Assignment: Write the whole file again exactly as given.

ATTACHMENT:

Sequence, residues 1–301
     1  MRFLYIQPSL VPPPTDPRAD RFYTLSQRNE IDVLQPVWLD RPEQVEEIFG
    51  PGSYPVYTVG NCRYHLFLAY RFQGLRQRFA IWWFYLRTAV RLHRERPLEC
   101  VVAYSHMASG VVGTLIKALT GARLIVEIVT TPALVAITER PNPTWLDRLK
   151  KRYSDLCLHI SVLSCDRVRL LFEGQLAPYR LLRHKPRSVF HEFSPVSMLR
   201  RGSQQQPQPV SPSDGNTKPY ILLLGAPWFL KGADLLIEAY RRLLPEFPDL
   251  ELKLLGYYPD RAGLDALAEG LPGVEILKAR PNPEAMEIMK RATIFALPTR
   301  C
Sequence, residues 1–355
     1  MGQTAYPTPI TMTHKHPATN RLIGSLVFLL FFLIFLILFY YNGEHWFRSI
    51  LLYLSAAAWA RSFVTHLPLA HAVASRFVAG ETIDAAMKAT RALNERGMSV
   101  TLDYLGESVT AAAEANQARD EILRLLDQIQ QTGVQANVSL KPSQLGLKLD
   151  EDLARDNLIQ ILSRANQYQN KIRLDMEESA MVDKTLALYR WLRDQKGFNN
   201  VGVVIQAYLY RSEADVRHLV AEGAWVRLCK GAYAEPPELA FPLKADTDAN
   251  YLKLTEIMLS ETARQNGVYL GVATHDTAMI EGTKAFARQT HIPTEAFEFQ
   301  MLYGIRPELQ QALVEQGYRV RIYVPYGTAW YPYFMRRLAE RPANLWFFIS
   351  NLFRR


Sequence, residues 1–301
     1  MRFLYIQPSL VPPPTDPRAD RFYTLSQRNE IDVLQPVWLD RPEQVEEIFG
    51  PGSYPVYTVG NCRYHLFLAY RFQGLRQRFA IWWFYLRTAV RLHRERPLEC
   101  VVAYSHMASG VVGTLIKALT GARLIVEIVT TPALVAITER PNPTWLDRLK
   151  KRYSDLCLHI SVLSCDRVRL LFEGQLAPYR LLRHKPRSVF HEFSPVSMLR
   201  RGSQQQPQPV SPSDGNTKPY ILLLGAPWFL KGADLLIEAY RRLLPEFPDL
   251  ELKLLGYYPD RAGLDALAEG LPGVEILKAR PNPEAMEIMK RATIFALPTR
   301  C
Sequence, residues 1–355
     1  MGQTAYPTPI TMTHKHPATN RLIGSLVFLL FFLIFLILFY YNGEHWFRSI
    51  LLYLSAAAWA RSFVTHLPLA HAVASRFVAG ETIDAAMKAT RALNERGMSV
   101  TLDYLGESVT AAAEANQARD EILRLLDQIQ QTGVQANVSL KPSQLGLKLD
   151  EDLARDNLIQ ILSRANQYQN KIRLDMEESA MVDKTLALYR WLRDQKGFNN
   201  VGVVIQAYLY RSEADVRHLV AEGAWVRLCK GAYAEPPELA FPLKADTDAN
   251  YLKLTEIMLS ETARQNGVYL GVATHDTAMI EGTKAFARQT HIPTEAFEFQ
   301  MLYGIRPELQ QALVEQGYRV RIYVPYGTAW YPYFMRRLAE RPANLWFFIS
   351  NLFRR